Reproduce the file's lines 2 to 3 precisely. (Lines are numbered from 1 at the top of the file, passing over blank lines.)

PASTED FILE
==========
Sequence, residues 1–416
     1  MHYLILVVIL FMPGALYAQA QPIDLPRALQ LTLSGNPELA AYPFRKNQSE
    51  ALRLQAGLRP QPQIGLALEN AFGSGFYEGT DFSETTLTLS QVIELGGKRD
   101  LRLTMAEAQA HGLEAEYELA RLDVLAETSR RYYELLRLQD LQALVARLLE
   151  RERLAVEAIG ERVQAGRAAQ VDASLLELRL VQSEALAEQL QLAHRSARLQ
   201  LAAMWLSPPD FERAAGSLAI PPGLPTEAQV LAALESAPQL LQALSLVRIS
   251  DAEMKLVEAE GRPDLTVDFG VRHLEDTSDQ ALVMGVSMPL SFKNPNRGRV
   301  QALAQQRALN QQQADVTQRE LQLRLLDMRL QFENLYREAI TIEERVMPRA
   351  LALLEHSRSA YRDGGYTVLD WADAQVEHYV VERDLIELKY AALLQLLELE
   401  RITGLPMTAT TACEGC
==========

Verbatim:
     1  MHYLILVVIL FMPGALYAQA QPIDLPRALQ LTLSGNPELA AYPFRKNQSE
    51  ALRLQAGLRP QPQIGLALEN AFGSGFYEGT DFSETTLTLS QVIELGGKRD